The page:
ELMIRA, N.Y. (WETM/AP) — After a long night in the Senate Chambers, the Stimulus Bill Resolution passed this morning, moving the highly anticipated economic relief package forward.
Now, Democrats will muscle President Joe Biden’s $1.9 trillion coronavirus relief plan through the chamber without Republican support. Vice President Kamala Harris was in the chair to cast the tie-breaking vote, her first.
The nearly two trillion dollar bill includes individual stimulus checks for 1,400 dollars each, 25 billion dollars for the restaurant industry alone, a block on federal tax increases for small businesses and it pauses raising the federal minimum wage. Individual checks and the small business benefits work together to boost the economy.
“It’s a whole infrastructure… it’s a whole ecosystem that right now this is one of the biggest crises that we’ve seen,” Kamala Keeley, President and CEO of the Chemung County Chamber, said.
For some residents, it will serve as a needed source of income, as unemployment benefits dry out. For others, it is a means to support local industry in the Twin Tiers.
“They want that money back in the economy. They don’t want you to put it back into your savings account,” Julie Henry, Executive Director of the Wellsboro Chamber of Commerce, added.
In the Twin Tiers, the economy is divided into a few main sectors: tourism, which has almost been a non-factor during the pandemic, residents who live here and spend their money locally, keeping jobs in retail and the restaurant industry, and manufacturing, which creates a wealth surplus for the area.
“The key thing here is to get the economy moving enough to get our people back to work,” Henry said.
To maximize the benefits of this package, small businesses will need to exhaust many options.
“What businesses need to do is look at all of the tools they have at their disposal whether it is grants, or loans or other relief packages, and decide what their best course of action is to get through this,” Keeley stated.
This will take a coordinated effort between government, business and the community to get the economy back on track.
“You can shop local and you can do it safely,” Henry said.
“We’ve made so much progress. I think now it is up to the community to make sure we can keep it going,” Keeley added.
Democrats in the chamber applauded after Harris announced the 51-50 vote at around 5:30 a.m. The action came after a grueling all-night session, where senators voted on amendments that could define the contours of the eventual COVID-19 aid bill.
The budget now returns to the House, where it will have to be approved again due to the changes made by the Senate. Final passage will unlock the next phase in drafting of the virus relief bill, with the work divided among several congressional committees.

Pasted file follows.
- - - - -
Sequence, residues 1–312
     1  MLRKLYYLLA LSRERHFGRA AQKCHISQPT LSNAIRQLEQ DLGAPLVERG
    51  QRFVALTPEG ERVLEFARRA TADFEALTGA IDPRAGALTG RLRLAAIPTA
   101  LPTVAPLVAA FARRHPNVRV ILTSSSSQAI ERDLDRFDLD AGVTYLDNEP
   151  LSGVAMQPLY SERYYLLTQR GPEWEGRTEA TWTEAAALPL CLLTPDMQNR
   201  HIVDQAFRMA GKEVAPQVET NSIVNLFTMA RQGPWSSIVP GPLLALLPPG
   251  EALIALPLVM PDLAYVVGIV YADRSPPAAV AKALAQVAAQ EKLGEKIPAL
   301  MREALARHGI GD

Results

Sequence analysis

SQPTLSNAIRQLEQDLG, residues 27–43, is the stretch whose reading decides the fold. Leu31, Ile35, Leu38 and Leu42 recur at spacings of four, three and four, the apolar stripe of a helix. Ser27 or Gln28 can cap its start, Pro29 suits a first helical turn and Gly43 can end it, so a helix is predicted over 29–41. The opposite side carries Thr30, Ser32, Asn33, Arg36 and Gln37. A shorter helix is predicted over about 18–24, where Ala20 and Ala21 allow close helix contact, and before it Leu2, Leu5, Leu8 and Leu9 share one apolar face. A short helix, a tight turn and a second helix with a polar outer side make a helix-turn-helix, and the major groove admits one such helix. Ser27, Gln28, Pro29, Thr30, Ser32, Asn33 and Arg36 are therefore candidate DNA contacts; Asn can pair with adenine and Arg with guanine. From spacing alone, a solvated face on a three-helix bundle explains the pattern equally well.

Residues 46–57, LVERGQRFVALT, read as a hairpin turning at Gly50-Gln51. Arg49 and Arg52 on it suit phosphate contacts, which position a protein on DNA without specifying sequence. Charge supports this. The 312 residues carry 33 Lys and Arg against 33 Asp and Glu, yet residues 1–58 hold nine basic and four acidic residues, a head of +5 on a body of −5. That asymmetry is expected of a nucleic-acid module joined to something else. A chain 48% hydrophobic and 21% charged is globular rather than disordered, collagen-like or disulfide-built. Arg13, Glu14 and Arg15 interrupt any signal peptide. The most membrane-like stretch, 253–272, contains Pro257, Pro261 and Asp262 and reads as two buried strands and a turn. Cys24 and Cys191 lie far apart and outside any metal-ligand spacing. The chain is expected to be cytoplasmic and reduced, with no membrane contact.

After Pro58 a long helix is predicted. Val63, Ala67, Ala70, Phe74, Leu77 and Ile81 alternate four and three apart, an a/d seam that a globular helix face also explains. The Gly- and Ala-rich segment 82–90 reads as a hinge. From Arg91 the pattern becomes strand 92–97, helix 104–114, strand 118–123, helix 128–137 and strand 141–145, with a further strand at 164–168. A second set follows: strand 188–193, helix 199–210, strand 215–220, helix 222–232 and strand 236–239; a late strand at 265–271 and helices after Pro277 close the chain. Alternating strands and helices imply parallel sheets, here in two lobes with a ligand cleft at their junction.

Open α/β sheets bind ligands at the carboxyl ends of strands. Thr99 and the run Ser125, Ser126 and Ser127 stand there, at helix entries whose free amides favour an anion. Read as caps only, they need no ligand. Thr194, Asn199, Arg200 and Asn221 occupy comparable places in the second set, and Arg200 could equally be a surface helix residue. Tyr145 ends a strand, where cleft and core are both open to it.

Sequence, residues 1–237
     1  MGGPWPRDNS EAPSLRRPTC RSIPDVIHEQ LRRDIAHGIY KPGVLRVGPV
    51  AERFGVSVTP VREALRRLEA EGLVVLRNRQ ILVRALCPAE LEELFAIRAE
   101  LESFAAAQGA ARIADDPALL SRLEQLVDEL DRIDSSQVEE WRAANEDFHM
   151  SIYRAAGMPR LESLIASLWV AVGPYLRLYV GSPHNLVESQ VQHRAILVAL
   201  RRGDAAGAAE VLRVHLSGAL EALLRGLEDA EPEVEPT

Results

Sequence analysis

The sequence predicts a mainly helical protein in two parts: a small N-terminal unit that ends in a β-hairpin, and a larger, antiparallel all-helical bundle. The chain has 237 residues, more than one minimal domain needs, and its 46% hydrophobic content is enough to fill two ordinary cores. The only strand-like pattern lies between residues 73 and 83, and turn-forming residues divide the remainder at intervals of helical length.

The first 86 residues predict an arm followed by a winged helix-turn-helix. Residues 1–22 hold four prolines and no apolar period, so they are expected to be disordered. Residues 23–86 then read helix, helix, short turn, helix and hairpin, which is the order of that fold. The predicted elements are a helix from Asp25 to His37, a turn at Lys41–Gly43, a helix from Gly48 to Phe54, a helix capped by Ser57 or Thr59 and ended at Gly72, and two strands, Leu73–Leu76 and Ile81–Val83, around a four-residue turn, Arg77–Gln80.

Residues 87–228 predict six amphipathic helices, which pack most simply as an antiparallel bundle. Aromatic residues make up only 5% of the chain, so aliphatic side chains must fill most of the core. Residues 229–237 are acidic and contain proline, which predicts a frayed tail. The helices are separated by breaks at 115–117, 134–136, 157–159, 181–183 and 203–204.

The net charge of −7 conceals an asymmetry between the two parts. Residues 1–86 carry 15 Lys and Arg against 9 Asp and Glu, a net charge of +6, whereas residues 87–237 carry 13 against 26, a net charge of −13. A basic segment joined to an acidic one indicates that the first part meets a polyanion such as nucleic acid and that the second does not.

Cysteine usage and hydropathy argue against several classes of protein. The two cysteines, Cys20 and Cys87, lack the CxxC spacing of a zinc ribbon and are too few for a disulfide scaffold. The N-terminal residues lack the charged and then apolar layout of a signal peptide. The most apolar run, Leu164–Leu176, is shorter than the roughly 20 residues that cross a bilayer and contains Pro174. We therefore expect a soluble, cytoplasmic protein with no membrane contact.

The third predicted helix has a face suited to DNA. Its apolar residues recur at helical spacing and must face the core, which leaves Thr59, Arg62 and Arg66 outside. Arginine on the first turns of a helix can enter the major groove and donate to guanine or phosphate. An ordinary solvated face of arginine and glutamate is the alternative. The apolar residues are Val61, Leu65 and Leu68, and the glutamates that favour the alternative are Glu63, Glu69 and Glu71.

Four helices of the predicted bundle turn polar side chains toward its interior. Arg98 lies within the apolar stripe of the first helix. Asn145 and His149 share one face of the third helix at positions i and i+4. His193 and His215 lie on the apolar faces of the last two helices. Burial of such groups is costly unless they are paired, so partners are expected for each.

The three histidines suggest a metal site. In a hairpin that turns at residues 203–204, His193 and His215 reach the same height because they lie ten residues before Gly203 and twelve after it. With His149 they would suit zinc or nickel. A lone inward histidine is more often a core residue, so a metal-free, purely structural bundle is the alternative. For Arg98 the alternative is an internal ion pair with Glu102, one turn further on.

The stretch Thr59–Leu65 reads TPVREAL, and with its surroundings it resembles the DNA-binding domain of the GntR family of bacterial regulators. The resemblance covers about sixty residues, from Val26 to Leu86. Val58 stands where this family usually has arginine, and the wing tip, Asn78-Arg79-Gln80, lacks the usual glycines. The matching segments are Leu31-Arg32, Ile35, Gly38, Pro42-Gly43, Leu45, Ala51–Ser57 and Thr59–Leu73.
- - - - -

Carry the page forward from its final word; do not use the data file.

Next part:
Senate Majority Leader Chuck Schumer D-N.Y., called passage of the resolution the “first big step to putting our country back on the road to recovery.”
By moving on a fast track, the goal for Democrats is to have COVID relief approved by March, when extra unemployment assistance and other pandemic aid expires. It’s an aggressive timeline that will test the ability of the new administration and Congress to deliver.
The push for stimulus comes amid new signs of a weakening U.S. economy. Employers added just 49,000 jobs in January, after cutting 227,000 jobs in December, the Labor Department said Friday. Restaurants, retailers, manufacturers and even the health care sector shed workers last month, with state and local governments also letting go of non-school employees.
The unemployment rate fell to 6.3% from 6.7%, but there was a decline in the number of people who were either working or looking for a job in a sign that some people are dropping out of the labor force. The U.S. economy is about 12 million jobs shy of its pre-pandemic trends.
Biden, who has been meeting with lawmakers in recent days to discuss the package, will talk Friday at the White House with the House committee chairs who will be assembling the bill under the budget process known as “reconciliation.”
Biden also plans to make remarks Friday on the economy as he keeps up the pressure on Congress to “act big” on his relief package.
With a rising virus death toll and strained economy, the president’s goal is to have COVID-19 relief approved by March, when extra unemployment assistance and other pandemic aid measures expire. Money for vaccine distributions, direct payments to households, school reopenings and business aid are at stake.
The marathon Senate session brought test votes on several Democratic priorities, including a $15 minimum wage. The Senate by voice vote adopted an amendment from Sen. Joni Ernst, R-Iowa, opposed to raising the wage during the pandemic. Ernst said a wage hike at this time would be “devastating” for small businesses.
None of the amendments to the budget are binding on Democrats as they draft their COVID plan, but passage of a wage increase could prove difficult. Even if a $15 wage can get past procedural challenges in the final bill, passage will require the support from every Democrat in the 50-50 Senate, which could be a tall order.
Sen. Bernie Sanders, a vocal proponent of the wage increase, vowed to press ahead. “We need to end the crisis of starvation wages,” he said.